RustInline Assembly

Syntax

  • #![feature(asm)] // Enable the asm! macro feature gate
  • asm!(<template> : <output> : <input> : <clobbers> : <options>) // Emit the assembly template provided (e.g. "NOP", "ADD %eax, 4") with the given options.

The asm! macro

Inline assembly will only be supported in nightly versions of Rust until it is stabilized. To enable usage of the asm! macro, use the following feature attribute at the top of the main file (a feature gate):

 #![feature(asm)]

Then use the asm! macro in any unsafe block:

fn do_nothing() {
    unsafe {
        asm!("NOP");
    }

    // asm!("NOP"); 
    // That would be invalid here, because we are no longer in an 
    // unsafe block.
}

Conditionally compile inline assembly

Use conditional compilation to ensure that code only compiles for the intended instruction set (such as x86). Otherwise code could become invalid if the program is compiled for another architecture, such as ARM processors.

#![feature(asm)]

// Any valid x86 code is valid for x86_64 as well. Be careful
// not to write x86_64 only code while including x86 in the 
// compilation targets!
#[cfg(any(target_arch = "x86", target_arch = "x86_64"))]
fn do_nothing() {
    unsafe {
        asm!("NOP");
    }
}

#[cfg(not(any(target_arch = "x86", target_arch = "x86_64"))]
fn do_nothing() {
    // This is an alternative implementation that doesn't use any asm!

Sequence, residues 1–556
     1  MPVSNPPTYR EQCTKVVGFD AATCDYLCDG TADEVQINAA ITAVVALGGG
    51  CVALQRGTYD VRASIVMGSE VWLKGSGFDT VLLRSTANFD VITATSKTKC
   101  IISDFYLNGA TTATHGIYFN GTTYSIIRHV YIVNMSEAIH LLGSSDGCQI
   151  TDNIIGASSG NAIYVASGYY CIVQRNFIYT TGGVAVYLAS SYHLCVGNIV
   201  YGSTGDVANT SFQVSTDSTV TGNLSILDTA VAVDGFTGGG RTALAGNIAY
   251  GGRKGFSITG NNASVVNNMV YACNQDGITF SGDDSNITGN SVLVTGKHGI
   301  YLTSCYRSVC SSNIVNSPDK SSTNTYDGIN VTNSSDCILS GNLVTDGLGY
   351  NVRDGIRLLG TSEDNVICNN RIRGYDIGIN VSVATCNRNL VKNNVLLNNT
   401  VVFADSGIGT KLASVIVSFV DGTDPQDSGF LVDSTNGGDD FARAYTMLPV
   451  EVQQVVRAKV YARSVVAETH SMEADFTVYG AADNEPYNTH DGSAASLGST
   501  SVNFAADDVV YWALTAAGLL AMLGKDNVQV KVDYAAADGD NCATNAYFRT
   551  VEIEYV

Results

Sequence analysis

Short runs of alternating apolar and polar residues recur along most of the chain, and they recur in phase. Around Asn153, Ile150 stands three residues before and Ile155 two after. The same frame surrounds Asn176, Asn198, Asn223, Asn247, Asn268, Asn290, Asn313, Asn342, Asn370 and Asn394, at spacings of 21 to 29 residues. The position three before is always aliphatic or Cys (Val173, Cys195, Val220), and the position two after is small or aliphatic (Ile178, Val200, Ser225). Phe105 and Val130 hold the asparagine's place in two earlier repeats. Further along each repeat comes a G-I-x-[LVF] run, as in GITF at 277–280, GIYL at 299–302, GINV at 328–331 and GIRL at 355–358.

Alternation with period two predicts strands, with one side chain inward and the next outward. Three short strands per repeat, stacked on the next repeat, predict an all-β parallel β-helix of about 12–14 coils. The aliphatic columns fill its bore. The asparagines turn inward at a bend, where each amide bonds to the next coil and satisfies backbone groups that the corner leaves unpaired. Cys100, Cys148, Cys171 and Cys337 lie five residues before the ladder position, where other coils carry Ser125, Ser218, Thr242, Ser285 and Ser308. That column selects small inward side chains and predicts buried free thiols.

// calls. Therefore, it should be safe to use as a fallback.
}

Inputs and outputs

#![feature(asm)]
    
#[cfg(any(target_arch="x86", target_arch="x86_64"))]
fn subtract(first: i32, second: i32) {
   unsafe {
        // Output values must either be unassigned (let result;) or mutable.
        let result: i32;
        // Each value that you pass in will be in a certain register, which
        // can be accessed with $0, $1, $2...
        //
        // The registers are assigned from left to right, so $0 is the 
        // register containing 'result', $1 is the register containing 
        // 'first' and $2 is the register containing 'second'.
        //
        // Rust uses AT&T syntax by default, so the format is:
        // SUB source, destination
        // which is equivalent to:
        // destination -= source;
        //
        // Because we want to subtract the first from the second, 
        // we use the 0 constraint on 'first' to use the same
        // register as the output.
        // Therefore, we're doing:
        // SUB second, first
        // and getting the value of 'first'
        
        asm!("SUB $2, $0" : "=r"(result) : "0"(first), "r"(second));
        println!("{}", result);
    }
}

LLVM's constraint codes can be found here, but this may vary depending on the version of LLVM used by your rustc compiler.